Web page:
Findings

This paper reports on four themes based on the experiences of the participants: having time to reflect, feeling safe to explore, focussing on what's important for me and experiencing positive emotions.

Research limitations/implications

The findings are unique to the participants who volunteered to take part in this study and therefore not representative of a general population of aspiring educational leaders. Further research is needed into the possible benefits of coaching to support educators undergoing leadership training.

Practical implications

The findings raise a potential dilemma within the teaching profession about the use of educators' time; while they need to give time and attention to multiple stakeholders, they also need to protect time for their own development and self-reflection. Based on the reported experiences of the participants in this study, it is recommended that coaching be considered a component of professional development for educational leaders.

Originality/value

This paper adds to the growing research base for coaching in education, providing a unique insight into the experiences of aspiring school principals who received one-to-one leadership coaching as part of a leadership development programme.

Details

International Journal of Mentoring and Coaching in Education, vol. 9 no. 3
Type: Research Article
ISSN: 2046-6854

Keywords

Book part
Publication date: 20 November 2013

Gawaian Bodkin-Andrews, Valerie Harwood, Samantha McMahon and Amy Priestly

Generally, theory and research investigating the effectiveness of mentoring has offered little resounding evidence to attest to mentoring programmes being a strategic…

Abstract

Purpose

Generally, theory and research investigating the effectiveness of mentoring has offered little resounding evidence to attest to mentoring programmes being a strategic initiative that make a real difference in reducing the educational inequities many minority students endure. In contrast to this existing research base, the Australian Indigenous Mentoring Experience (AIME) has often been cited as one of the most successful mentoring initiatives within Australia. It is the purpose of this chapter to examine how AIME may impact on the educational aspirations and school self-concept of Aboriginal and Torres Strait Islander students.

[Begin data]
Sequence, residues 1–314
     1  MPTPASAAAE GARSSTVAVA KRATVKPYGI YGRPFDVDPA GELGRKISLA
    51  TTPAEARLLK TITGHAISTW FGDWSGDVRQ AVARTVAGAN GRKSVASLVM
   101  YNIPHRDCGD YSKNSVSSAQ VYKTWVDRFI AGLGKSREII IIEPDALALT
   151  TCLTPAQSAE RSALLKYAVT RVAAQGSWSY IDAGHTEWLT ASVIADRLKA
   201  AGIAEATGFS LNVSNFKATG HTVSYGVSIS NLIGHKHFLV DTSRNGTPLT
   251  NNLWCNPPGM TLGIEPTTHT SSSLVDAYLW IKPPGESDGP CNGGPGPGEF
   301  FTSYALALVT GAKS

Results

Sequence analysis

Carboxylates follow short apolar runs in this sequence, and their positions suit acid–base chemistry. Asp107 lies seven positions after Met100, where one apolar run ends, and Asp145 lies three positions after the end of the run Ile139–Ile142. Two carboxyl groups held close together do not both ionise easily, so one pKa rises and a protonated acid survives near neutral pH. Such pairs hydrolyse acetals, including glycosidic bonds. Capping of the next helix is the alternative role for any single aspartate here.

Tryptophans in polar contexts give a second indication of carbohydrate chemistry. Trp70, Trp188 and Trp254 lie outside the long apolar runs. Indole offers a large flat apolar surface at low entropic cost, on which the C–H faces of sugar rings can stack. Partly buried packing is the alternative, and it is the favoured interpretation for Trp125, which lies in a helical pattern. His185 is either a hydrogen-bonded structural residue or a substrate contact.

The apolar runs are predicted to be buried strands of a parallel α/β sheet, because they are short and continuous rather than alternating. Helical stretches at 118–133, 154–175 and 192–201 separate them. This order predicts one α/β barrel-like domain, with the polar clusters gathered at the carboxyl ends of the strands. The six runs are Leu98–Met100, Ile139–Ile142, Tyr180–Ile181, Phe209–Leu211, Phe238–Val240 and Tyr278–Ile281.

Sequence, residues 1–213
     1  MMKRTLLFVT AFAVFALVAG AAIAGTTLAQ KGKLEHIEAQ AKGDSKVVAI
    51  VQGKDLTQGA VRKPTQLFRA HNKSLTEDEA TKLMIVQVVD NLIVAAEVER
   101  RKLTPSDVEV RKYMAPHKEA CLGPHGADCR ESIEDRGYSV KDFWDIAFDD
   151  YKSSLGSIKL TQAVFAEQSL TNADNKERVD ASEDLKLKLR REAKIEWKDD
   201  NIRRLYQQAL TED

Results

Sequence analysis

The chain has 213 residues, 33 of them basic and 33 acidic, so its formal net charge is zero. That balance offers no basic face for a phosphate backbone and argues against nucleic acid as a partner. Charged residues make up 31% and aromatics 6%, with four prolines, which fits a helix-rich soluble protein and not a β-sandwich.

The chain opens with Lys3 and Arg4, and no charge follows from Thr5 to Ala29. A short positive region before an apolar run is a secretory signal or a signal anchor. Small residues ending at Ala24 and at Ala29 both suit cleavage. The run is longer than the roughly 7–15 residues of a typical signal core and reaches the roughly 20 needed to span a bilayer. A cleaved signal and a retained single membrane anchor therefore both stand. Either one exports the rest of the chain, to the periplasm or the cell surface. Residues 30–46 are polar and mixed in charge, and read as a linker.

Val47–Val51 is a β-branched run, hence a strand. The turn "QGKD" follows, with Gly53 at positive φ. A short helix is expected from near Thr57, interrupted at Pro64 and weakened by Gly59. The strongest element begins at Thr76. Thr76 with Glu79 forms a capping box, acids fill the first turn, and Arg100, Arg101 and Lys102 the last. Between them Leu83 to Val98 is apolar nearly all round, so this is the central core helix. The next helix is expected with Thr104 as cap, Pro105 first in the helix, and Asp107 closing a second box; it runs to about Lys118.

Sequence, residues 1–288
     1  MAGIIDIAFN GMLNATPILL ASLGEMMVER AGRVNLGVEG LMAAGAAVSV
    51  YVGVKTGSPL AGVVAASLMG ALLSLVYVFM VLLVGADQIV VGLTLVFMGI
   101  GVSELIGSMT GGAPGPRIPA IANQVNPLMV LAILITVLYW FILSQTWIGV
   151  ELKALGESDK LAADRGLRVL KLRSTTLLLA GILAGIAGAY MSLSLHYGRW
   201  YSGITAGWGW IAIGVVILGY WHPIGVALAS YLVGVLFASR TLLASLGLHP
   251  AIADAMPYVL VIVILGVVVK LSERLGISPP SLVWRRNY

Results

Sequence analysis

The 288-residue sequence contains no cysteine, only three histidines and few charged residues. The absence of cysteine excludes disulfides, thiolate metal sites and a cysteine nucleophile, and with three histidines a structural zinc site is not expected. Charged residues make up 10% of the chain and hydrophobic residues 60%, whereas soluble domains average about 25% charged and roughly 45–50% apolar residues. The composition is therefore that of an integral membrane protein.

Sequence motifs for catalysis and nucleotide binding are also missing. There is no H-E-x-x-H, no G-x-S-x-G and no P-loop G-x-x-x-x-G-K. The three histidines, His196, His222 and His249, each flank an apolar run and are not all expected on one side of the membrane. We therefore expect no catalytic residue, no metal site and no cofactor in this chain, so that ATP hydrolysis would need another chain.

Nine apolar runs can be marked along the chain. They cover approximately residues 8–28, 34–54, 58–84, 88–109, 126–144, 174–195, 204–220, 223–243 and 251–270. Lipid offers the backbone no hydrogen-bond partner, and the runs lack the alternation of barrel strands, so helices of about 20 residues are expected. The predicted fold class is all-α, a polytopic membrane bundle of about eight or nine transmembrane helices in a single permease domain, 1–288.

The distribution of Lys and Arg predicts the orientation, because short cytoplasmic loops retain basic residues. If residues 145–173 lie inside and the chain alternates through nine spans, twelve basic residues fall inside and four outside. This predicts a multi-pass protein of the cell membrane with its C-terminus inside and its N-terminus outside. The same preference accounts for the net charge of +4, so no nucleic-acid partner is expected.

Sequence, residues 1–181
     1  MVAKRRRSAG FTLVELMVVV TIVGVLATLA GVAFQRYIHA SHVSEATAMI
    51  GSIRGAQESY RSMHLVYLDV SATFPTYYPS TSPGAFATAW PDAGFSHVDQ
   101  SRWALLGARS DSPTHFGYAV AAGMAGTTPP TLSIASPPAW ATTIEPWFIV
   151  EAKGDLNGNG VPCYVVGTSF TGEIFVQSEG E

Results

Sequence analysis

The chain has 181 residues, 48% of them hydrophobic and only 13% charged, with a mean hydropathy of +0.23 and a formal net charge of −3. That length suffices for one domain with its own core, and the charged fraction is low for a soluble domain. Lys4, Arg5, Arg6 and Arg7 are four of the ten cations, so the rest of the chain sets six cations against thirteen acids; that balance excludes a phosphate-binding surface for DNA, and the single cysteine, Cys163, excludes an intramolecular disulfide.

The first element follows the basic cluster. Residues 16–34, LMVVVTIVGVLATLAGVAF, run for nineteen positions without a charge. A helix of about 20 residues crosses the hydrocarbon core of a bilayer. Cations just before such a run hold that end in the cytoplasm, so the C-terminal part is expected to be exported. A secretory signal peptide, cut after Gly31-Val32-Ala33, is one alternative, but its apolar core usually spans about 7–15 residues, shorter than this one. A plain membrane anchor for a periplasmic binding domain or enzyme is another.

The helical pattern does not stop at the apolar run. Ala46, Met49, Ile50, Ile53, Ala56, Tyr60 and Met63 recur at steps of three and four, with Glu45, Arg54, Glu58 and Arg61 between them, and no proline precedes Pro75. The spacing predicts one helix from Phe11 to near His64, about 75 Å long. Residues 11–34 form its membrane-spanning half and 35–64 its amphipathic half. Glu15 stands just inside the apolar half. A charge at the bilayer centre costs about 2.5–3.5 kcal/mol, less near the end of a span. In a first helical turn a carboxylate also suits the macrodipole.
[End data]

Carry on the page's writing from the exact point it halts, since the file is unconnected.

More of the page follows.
Methodology

A series of multi-group analyses were centred around Confirmatory Factor Analysis (CFA) and structural equation modelling techniques that sought not only to explore the psychometric validity of the measures utilized within this study, but also to identify how the measures may be related after accounting for background variables (e.g. gender, parental education).

Findings

The results found that the measures utilized held strong psychometric properties allowing an increased level of confidence in the measures used and the conclusion that may be drawn from their use in analyses. Overall, the results suggested that AIME is an effective tool for increasing not only the educational aspirations of Aboriginal and Torres Strait Islander students but also their levels (and utility) of School Self-concept and School Enjoyment.

Implications

The implications suggest that not only is AIME an essential tool for closing the educational gap between Aboriginal and Torres Strait Islander and non-Aboriginal students, but also our understanding of mentoring must be extended well beyond simplistic notions of role-modelling.

Details

Seeding Success in Indigenous Australian Higher Education
Type: Book
ISBN: 978-1-78190-686-6

Keywords

Article
Publication date: 23 August 2013

Andrew J. Hobson and Angi Malderez

The purpose of this article is to identify and examine root causes of the failure of school‐based mentoring to realize its full potential.

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Abstract

Purpose

The purpose of this article is to identify and examine root causes of the failure of school‐based mentoring to realize its full potential.

Design/methodology/approach